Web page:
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The hard currency shortage is now causing a lack of paper for cash register machines. It has been about ten years since the country announced the use of cash register machines at selected businesses, the practice has widely spread throughout different parts of the country and businesses.
According to users that Capital spoke, the absence of the cash register machine paper is affecting their daily business.
One of the sources, a businessman, that Capital interviewed said that he is unable to buy products from the market due to lack of the machine paper.
“For my service business I buy bulk products from Addis and sell in other parts of the country, but in the past few weeks I have been struggling to buy products,” he said.
According to cash register machine law, sellers have to issue a receipt on every sale. If the machine is down or there is a power interruption they can use a manual receipt and inform the relevant tax office.
Experts at the Ethiopian Revenue and Customs Authority (ERCA) said that they have not heard about the paper shortage affecting business.
Ephrem Mekonnen, Public Relations Head of ERCA, told Capital that the business community is trying to connect the issue to the hard currency shortage.
“It is known that the hard currency shortage affects the economic activity, but it is an exaggeration to say the market is being slowed down by a of machine paper,” he added.
Besides the imports local producers are also engaged in the production, while the hard currency shortage may affect the usual supply, he says.
There are importers of the paper, but it is also produced locally by Haron Computer Plc.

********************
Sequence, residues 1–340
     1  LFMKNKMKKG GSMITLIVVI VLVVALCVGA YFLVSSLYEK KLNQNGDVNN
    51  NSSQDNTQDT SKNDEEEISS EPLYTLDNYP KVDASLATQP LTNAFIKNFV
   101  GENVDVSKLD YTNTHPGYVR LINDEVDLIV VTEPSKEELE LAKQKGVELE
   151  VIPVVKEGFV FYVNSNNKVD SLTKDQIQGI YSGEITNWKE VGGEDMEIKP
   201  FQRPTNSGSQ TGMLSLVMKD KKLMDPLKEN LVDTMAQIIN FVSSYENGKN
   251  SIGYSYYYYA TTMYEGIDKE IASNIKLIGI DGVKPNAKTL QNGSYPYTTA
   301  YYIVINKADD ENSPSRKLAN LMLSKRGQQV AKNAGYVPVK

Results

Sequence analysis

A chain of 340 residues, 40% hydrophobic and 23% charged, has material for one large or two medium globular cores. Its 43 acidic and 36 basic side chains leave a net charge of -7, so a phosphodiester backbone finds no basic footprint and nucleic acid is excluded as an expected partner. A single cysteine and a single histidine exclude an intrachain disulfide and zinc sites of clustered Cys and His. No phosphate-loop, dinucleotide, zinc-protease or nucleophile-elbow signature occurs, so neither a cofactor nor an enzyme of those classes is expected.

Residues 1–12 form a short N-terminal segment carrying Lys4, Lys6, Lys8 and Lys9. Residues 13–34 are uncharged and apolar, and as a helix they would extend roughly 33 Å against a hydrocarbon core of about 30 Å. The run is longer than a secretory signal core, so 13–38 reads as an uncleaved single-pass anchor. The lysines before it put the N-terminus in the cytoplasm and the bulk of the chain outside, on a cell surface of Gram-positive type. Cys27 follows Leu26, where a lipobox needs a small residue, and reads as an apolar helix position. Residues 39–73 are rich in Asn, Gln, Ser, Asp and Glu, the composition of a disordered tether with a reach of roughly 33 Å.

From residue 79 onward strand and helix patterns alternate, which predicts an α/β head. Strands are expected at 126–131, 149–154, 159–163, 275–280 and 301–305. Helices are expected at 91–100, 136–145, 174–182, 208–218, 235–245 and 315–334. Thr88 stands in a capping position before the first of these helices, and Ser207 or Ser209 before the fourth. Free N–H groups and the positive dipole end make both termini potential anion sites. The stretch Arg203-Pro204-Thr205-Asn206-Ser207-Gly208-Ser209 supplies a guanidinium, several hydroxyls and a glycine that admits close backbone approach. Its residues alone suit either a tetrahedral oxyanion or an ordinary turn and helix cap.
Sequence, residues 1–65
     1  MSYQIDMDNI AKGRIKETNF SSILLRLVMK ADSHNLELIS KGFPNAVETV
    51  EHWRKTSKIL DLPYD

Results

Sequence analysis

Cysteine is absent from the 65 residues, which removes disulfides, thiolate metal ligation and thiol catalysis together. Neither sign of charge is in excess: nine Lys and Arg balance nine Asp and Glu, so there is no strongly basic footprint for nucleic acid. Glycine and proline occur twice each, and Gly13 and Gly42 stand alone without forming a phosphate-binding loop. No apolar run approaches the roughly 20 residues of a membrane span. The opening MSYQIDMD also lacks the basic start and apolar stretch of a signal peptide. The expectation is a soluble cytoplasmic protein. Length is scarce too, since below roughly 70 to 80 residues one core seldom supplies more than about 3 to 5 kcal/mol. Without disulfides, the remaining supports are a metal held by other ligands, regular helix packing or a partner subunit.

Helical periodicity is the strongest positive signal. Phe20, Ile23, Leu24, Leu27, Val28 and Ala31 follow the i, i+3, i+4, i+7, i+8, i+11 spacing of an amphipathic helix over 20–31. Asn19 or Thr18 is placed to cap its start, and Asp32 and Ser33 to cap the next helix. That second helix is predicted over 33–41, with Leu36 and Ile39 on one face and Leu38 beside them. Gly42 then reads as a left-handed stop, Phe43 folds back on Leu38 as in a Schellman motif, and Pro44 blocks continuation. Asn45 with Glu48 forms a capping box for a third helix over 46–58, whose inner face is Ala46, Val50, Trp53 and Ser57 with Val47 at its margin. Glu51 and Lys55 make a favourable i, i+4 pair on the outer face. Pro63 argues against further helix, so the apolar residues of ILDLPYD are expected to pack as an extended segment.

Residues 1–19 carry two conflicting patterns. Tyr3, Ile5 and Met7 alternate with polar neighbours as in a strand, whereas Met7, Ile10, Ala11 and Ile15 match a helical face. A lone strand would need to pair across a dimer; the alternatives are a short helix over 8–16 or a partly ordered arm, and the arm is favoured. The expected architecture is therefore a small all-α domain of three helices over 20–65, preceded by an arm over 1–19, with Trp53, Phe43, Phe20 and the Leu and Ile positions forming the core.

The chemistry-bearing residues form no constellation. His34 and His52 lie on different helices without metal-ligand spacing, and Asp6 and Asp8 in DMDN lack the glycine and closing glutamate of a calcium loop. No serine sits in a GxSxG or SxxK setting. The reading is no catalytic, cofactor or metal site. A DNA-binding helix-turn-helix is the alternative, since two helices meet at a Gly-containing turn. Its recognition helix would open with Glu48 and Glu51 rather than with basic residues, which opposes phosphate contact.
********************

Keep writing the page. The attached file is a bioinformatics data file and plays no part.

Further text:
Kedir Hashim, Chief Operation Head at Haron, told Capital that his paper factory is also affected by the shortage of raw material which is imported.
“We have tried our best to supply the paper for clients directly as opposed to providing it to distributers,” Kedir said. “We are providing the paper to distributors at the micro level but our priority is direct users to harmonize the market and maintain a reasonable price,” he added.
Haron is also one of the major cash register machine suppliers authorized by ERCA. The company stated that its paper distribution covers wide areas in Oromia and SNNP regions in addition to the capital.
According to Kedir, the Association of Machine and Software Suppliers has tried to work with the authority closely to solve the challenge. He said that ERCA is helping suppliers to get the hard currency from banks, while public banks are not giving priority to them like private banks are. “If we have a support letter from ERCA the private banks are relatively collaborative, which is not the case at public banks,” he said.
He advised that the government should give prior attention for the sector since it is directly related with the government revenue.
As of the first nine months of the past budget year that ended a week ago 172,088 businesses use 188,416 cash register machines throughout the country. Every year the number of users is increasing significantly. For instance, for the first nine months of the stated budget year 9,295 new users were included on the system. Thirteen companies are actively engaged in supplying the machine.